Content syndication stands out as one of the best ways to generate more leads. It entails the distribution of content already published on your website, to be republished on third-party websites. It is relatively cheap, puts your brand in front of a greater audience, and helps improve brand awareness.
But imagine, you have worked hard to produce great content. You put it on your website and take steps to make it easier for people to find it in search results and even make it SEO-friendly. However, the number of views and subscribers you gain from it isn’t where you’d like it to be.
The plain truth is that generating plain content is not enough. Content syndication is also not just about SEO. Successful B2B content syndication is more about the content being able to reach a larger audience who would be interested in your product or service. Most marketers face the dilemma of getting quality visitors to their content. Too many marketers start B2B content syndication campaigns with wrong or unrealistic goals.
Some of the best marketing strategies used by B2B companies to reach the target audience and boost demand generation is to augment original content through syndication. It may appear as simple as publishing content on a third-party website, but it needs careful planning. When done correctly, B2B content syndication can help enhance brand reputation, and when done poorly, it can harm your brand’s image.
Below we bring to you some of the common mistakes to avoid while syndicating content.
Top-of-funnel leads aren’t ready to meet or buy – whether they’re generated via content syndication or any other lead generation solution. Before someone gets ready to buy, it takes eight to 10 successful touchpoints on average. Just because someone has downloaded your content doesn’t indicate they are willing to purchase immediately.
For instance, one of your co-workers might have recently enrolled in a free online business launch course. She was given access to several free resources and tools in exchange for her email address. She isn’t interested in doing her own business at the moment, but she is very passionate about helping other women who feel inspired to launch their businesses.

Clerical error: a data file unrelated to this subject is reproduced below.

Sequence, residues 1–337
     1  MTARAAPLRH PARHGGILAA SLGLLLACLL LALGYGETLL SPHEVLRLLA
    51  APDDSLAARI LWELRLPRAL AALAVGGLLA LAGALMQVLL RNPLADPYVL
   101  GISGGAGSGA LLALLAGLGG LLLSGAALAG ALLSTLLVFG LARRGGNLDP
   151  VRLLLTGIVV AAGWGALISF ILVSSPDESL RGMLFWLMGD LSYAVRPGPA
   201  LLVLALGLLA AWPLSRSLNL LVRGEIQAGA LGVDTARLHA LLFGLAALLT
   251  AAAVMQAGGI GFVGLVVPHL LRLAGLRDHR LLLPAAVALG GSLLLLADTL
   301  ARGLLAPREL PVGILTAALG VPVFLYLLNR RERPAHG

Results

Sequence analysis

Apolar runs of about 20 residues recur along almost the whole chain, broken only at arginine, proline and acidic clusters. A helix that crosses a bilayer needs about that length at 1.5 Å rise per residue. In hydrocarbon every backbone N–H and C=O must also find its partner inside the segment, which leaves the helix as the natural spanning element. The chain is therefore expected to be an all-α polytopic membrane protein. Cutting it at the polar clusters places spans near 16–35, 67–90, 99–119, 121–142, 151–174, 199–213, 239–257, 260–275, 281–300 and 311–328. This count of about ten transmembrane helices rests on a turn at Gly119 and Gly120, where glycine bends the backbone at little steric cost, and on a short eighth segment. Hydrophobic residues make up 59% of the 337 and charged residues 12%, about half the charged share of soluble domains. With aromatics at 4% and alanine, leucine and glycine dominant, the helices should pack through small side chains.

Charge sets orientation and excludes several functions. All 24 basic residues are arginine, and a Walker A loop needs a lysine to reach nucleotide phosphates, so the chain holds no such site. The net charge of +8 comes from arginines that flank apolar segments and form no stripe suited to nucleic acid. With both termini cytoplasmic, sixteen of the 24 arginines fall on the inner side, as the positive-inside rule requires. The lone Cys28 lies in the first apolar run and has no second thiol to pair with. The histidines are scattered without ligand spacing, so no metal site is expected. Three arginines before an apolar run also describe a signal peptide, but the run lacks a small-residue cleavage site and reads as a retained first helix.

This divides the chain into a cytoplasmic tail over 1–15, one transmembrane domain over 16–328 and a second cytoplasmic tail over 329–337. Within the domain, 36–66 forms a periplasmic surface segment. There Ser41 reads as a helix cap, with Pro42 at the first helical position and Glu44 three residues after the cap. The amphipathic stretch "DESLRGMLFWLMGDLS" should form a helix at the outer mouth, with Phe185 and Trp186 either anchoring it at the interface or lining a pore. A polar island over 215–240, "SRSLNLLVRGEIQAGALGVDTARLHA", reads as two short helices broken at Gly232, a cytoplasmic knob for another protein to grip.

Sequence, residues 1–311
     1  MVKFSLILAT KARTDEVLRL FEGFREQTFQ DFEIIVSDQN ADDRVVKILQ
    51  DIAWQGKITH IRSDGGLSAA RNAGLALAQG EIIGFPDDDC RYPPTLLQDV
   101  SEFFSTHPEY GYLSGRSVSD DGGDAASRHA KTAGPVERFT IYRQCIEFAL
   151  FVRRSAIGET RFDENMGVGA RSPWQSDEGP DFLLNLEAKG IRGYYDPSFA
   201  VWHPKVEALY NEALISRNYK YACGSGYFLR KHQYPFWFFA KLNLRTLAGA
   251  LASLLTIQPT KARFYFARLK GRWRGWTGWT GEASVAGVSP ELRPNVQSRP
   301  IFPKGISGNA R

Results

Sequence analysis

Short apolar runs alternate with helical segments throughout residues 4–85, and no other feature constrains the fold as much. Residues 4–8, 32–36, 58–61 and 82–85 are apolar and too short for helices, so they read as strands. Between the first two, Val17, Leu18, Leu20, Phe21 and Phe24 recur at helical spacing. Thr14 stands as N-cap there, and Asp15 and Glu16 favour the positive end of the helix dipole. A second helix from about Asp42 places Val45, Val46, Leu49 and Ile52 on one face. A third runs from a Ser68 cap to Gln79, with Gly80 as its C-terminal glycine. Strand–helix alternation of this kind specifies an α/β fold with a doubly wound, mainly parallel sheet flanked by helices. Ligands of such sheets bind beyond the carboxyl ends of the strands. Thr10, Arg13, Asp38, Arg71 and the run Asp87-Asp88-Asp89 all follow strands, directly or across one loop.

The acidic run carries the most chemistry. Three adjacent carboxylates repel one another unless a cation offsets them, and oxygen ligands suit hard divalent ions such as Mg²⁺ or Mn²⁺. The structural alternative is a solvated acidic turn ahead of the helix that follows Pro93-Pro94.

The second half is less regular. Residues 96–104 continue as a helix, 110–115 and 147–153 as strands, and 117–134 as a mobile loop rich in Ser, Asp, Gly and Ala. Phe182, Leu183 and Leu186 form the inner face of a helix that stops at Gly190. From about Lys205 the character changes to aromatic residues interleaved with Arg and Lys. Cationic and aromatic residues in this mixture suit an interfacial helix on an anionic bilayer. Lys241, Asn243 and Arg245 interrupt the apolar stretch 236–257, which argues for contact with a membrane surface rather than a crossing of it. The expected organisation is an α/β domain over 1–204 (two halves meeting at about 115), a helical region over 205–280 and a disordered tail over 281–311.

Your co-worker represents a high-quality, early-stage prospect in this case. But should we consider her a “poor lead” for the premium course because she isn’t ready to launch her business today? Of course, not.
Perhaps in six months, she will decide to launch a company and opt to invest in training then. On the other hand, maybe she’ll find the free course so helpful that she’ll recommend it to two friends, who will also decide to pay for it.
However, when approached by a sales representative for their course, she would have said no. If that happened, she’d be marked as a “poor lead” by the sales personnel and wouldn’t be called up again in the future. Now, this is what is a missed opportunity.
A business should ideally nurture her. Top-funnel leads should aim to convert such customers into a middle-funnel lead and then proceed toward a bottom-of-funnel lead followed by a sale.
The goal is not to turn a top-of-funnel lead into sales directly. That’s not possible. Skipping the lead nurturing process will result in tons of “poor leads.” The issue is that those leads aren’t all too bad, actually. They’ll be those leads that are not too far enough in the buyer’s journey.
Prospects will become less interested in your content if you are inconsistent in your interactions with them. Of course, this does not mean you must bombard them with messages constantly, but you should ensure that whatever you send them is timely and useful.
You need to strike the right balance when it comes to nurturing sequence communication. If you contact potential customers too often, they may become irritated and unsubscribe. If you don’t keep in touch with them, they may forget about you just when they’re ready to purchase.